The Space Systems Command, the Space Development Agency and the Missile Defense Agency have formed a new program office to coordinate disparate procurements of satellites to detect ballistic and hypersonic missiles.
DoD is spending billions of dollars on missile-warning space sensors located in geostationary and polar orbits, but there are no plans to connect them with new constellations that DoD plans to field in low and medium Earth orbits
The war in Ukraine is demonstrating the rapid pace of change in modern warfare and underscoring the need for the enhanced missile defense capabilities, said Derek Tournear, director of the Pentagon's Space Development Agency.
A $550 million congressional add-on in 2022 would only be a down payment to kickstart the deployment of a 28-satellite constellation of infrared space sensors in low Earth orbit
The two Space Tracking and Surveillance System satellites were taken out of service on March 8. They were launched in 2009 on a United Launch Alliance Delta 2 rocket.
Defense appropriators in the 2022 spending bill added nearly $1.3 billion for U.S. Space Force and Space Development Agency programs above what the Biden administration requested.
Missile-tracking satellites developed by L3Harris for the U.S. Missile Defense Agency and the Space Development Agency passed critical design reviews.
Russia’s anti-satellite missile test has raised calls for the United States and its allies to push for international norms to ban such tests. But reaching an agreement on space arms control could take years or even decades.
The Pentagon’s Space Development Agency is planning a new procurement of satellites that will be part of a global constellation of missile-tracking space sensors.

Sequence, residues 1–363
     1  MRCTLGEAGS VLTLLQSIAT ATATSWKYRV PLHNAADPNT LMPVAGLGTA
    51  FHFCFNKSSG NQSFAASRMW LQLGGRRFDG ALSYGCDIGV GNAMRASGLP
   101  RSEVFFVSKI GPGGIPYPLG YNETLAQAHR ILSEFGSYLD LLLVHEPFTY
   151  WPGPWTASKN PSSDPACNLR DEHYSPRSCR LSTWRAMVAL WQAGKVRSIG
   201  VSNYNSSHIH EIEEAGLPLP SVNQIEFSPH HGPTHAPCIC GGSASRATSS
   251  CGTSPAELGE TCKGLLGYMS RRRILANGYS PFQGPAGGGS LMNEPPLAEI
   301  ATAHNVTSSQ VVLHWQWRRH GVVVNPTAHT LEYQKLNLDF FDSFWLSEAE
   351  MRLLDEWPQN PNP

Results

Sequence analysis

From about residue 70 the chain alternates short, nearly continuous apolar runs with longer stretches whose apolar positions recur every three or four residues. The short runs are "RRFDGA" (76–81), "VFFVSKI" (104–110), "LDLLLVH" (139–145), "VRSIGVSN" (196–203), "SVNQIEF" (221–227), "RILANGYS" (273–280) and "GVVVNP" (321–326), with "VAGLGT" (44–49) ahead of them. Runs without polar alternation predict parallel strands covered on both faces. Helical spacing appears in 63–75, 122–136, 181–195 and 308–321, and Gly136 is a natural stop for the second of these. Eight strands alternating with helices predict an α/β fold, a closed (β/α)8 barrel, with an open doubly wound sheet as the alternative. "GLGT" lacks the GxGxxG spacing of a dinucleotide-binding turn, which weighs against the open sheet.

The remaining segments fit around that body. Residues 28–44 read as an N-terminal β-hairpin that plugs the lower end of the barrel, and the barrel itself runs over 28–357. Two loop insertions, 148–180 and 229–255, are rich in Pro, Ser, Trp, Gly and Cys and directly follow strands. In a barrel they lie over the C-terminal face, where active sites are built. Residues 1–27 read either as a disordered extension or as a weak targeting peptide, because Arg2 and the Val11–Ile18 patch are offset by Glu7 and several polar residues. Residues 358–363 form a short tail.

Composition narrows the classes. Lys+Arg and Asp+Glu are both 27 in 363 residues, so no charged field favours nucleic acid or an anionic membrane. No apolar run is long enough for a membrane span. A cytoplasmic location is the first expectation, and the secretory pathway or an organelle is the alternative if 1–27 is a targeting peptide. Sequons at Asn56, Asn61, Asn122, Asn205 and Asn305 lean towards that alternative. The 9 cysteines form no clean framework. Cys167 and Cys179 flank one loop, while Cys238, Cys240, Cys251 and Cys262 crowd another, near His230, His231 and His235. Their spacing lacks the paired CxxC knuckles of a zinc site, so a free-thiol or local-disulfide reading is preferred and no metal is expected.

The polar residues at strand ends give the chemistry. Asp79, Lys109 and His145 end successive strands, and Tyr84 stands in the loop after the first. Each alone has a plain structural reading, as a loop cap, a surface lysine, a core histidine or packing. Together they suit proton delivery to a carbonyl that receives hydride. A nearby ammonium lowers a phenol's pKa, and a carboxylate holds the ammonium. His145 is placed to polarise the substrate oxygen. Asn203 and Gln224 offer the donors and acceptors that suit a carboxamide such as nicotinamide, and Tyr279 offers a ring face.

Valley Tech Systems, a firm recently acquired by Voyager Space, won a $94 million contract from Lockheed Martin to provide a solid propulsion subsystem for the U.S. Missile Defense Agency’s Next Generation Interceptor.
“We're not as advanced as the Chinese or the Russians in terms of hypersonic programs,” Gen. David Thompson said Nov. 20. at the Halifax International Security Forum.
A satellite designed by Northrop Grumman to track hypersonic and ballistic missiles has passed a critical design review.
Millennium, a satellite manufacturer owned by the Boeing Co., hopes to parlay the experienced gained from the Wide Field of View project into larger contracts.
L3Harris announced Sept. 20 that the Space Development Agency has approved the company’s proposed design for a missile tracking satellite.
L3Harris Technologies on Sept. 16 opened a classified facility in Fort Wayne, Indiana, where the company will assemble and test satellites for U.S. missile-defense programs.
Sensors in space that can detect and track hypersonic missiles should be at the top of DoD’s wish list, Vice Chairman of the Joint Chiefs of Staff Gen. John Hyten said Aug. 11.
Speaking at the Space and Missile Defense Symposium at the Von Braun Convention Center, Karbler said adversaries are developing electronic and cyber tools to deny the U.S. military access to satellites in orbit.
A Northrop Grumman spacecraft scheduled to launch Aug. 10 on a resupply mission to the International Space Station will carry a Space Development Agency experiment.
Two Missile Defense Agency cubesats launched June 30 on Virgin Orbit’s LauncherOne successfully began communicating with ground stations last week, the agency announced July 12.
he U.S. Space Force last month selected Millennium Space Systems and Raytheon to design sensors that can track hypersonic missiles from medium Earth orbit.